India rape trial begins on Thursday

The trial of five men accused of the rape and murder of a student aboard a bus in New Delhi should have no long delays commonly associated with India’s justice system.

Vienna trains collide; 41 injured

Two trains packed with morning commuters crashed head-on Monday on Vienna’s outskirts after a state railway employee apparently forgot to activate a signal.

Editorial & Opinion

farah stockman

Outsourcing peace

A girl played near a UN armored vehicle belonging to Jordanian peacekeepers at slum in Port-au-Prince, Haiti.

By Farah Stockman

Private companies and unarmed citizens can help the UN in keeping the peace in the world’s hot spots.

JOANNA WEISS

Hollywood and its gun fetish

Sean Penn is Mickey Cohen in the new film “Gangster Squad.”

By Joanna Weiss

Less than a month after the Newtown tragedy, Hollywood continues to peddle a vision that glorifies guns.

roland merullo

Finding common ground in the abortion debate

By Roland Merullo

The pro-life and pro-choice sides could agree to work together to reduce the number of abortions.

Metro

Owners drew $16m from pharmacy tied to deaths

Barry Cadden is president and lead pharmacist of the company.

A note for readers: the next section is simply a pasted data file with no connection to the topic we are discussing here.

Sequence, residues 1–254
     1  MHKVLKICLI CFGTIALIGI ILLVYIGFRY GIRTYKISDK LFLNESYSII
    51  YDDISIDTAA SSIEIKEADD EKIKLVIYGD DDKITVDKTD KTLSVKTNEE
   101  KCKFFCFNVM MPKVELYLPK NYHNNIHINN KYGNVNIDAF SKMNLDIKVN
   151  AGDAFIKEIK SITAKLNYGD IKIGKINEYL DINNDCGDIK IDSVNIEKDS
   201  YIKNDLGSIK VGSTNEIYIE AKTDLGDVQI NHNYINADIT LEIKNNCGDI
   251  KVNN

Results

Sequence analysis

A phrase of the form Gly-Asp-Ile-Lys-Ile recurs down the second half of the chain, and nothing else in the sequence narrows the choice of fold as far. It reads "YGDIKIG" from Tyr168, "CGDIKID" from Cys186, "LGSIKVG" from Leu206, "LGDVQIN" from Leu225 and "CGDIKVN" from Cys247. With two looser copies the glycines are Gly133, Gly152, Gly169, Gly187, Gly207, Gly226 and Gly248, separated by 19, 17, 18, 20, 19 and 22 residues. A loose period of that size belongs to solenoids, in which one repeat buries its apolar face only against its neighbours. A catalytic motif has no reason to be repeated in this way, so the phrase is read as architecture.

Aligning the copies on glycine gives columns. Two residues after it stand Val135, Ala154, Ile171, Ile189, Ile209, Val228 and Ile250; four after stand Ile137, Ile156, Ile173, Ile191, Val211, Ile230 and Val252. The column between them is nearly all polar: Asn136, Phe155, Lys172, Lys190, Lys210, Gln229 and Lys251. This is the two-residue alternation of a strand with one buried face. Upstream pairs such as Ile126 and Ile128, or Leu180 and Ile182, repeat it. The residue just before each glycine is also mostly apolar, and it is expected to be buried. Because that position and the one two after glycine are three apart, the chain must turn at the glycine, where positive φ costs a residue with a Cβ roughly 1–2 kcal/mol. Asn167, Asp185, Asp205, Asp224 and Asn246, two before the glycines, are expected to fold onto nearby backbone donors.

By Todd Wallack

The owners of the Framingham pharmacy blamed for a national fungal meningitis outbreak pulled millions of dollars out of the company in the last year.

Nanny charged after death of infant in Cambridge

By Travis Andersen

A nanny who lives in Quincy was arrested on a charge of assaulting a 1-year-old girl in her care who later died, and more charges are expected.

Boston’s plans would let more attend school close to home

By James Vaznis

The three revised student-assignment proposals school officials will unveil Tuesday would scrap the city’s system of assigning students to schools.

Business

Economists split on wisdom of Patrick’s tax plan

Governor Deval Patrick’s sweeping plan would raise the state income tax from 5.25 percent to 6.25 percent while cutting the sales tax from 6.25 percent to 4.5 percent.

By Megan Woolhouse

Will tax increases of the kind proposed by Governor Patrick help or hurt the local economy? Much like the federal tax debate, economists disagree.

Local scientists searching for flu fighters

Yadunanda Budigi, senior scientist at Visterra in Cambridge. The company will begin human trials of its flu vaccine in 2014.

By Karen Weintraub

As we sniffle and stress about lurking germs, researchers across the Boston area are developing new ways of fighting the flu.

Filings for bankruptcy plummet in Mass., US

By Todd Wallack

Bankruptcy filings plunged last year in the state and nationwide as consumers continued to shun credit card debt and beefed up their savings.